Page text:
This method is my personal favorite and one of the most common techniques for freshening up bluefish. It is great because it doesn’t add any flavor to the meat so it can be paired with any style of cooking. 

To do this, simply fillet your bluefish and place the fillets in a bag with milk for at least 30 minutes, up to overnight. You will be left with a mild-tasting fillet and some very fishy milk. 

Related: How To Catch Bluefish From Shore (What To Look For & Tips.)

Citrus Is Great With Bluefish

The acids in citrus juice are excellent for breaking down and masking the fishy smell within a bluefish’s meat and as a bonus, they are a great flavor to pair with any bluefish dish.

Lemon, lime, and orange juice all make great marinades for bluefish.

Place your fillets in a bath of citrus juice for 30 minutes to 2 hours depending on your flavor preferences. You can add any combination of herbs and spices to this marinade to accompany the citrus flavor. 

Eating With The Ecosystem has a great example recipe with Bluefish and citrus.

Additionally, you can squeeze a fresh lemon or lime over your cooked bluefish for a fresh kick that brightens the flavor of the dish.

Smoking Can Make Delicious Bluefish

Fish Smoker

Smoking bluefish masks its oily flavor while complimenting the other flavors in the fish. The drying process that takes place while smoking also mellows the fishiness of the meat.

To smoke your bluefish, start putting it in brine with flavors of your choice. Keep in mind that more acidic flavors will further reduce fishiness in the meat.

Smoke your bluefish at 225-250 degrees Fahrenheit for 1.5 to 2 hours, then lower the temperature to 170 degrees and smoke for another 1.5 to 2 hours.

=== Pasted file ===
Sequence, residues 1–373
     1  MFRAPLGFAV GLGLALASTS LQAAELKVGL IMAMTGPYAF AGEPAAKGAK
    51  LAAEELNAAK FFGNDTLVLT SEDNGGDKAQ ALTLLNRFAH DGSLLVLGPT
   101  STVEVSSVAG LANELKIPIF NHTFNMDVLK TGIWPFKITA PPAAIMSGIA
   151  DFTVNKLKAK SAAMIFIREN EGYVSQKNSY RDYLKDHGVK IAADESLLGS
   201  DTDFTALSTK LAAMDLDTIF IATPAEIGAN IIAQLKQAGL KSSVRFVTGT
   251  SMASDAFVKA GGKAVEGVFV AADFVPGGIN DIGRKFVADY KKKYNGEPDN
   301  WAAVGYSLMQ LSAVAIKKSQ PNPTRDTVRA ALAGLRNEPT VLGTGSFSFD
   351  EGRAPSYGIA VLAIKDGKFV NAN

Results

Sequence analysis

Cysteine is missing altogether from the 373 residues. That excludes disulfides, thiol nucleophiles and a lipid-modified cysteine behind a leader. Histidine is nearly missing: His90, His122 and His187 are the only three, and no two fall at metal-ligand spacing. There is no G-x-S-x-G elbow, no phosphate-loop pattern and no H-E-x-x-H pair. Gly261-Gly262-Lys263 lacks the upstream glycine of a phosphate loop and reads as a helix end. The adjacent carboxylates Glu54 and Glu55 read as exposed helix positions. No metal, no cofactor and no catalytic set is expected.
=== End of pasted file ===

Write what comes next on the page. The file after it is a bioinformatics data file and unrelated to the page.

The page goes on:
Woods with a strong flavor such as hickory or walnut are best for bluefish as they mask the fishy flavor.

Many people prefer to put their smoked fish in a dip. Just shred it, add to cream cheese and sour cream, and combine it with your favorite spices. I recommend chives, paprika, garlic, lemon, and cumin.

See also: The 12 Best Bluefish Lures (& How To Fish Them!)

Vinegar Can Help Prepare Bluefish

Vinegar is very acidic and much like lemon and lime juice, it can be used to neutralize the oils within bluefish meat. 

Personally, I would prefer to eat fishy fish over vinegar-flavored fish, but if you can’t stand the taste of bluefish and are partial to the bitterness that vinegar provides, this is a super effective way to flush out the fishy flavor.

Just place your fillets in a pan and pour white or balsamic vinegar over them. Allow them to sit for around 30 minutes. Don’t let your fish sit in the vinegar for too long, or the acids will turn your raw fish into ceviche. 


While bluefish can’t compare to any tuna or snapper, they certainly can be delicious. Try one or more of these methods next time you catch a bluefish before writing them off as inedible.

Growing up in Florida, I’ve been surrounded by saltwater my entire life…and I love sharing my passion with others.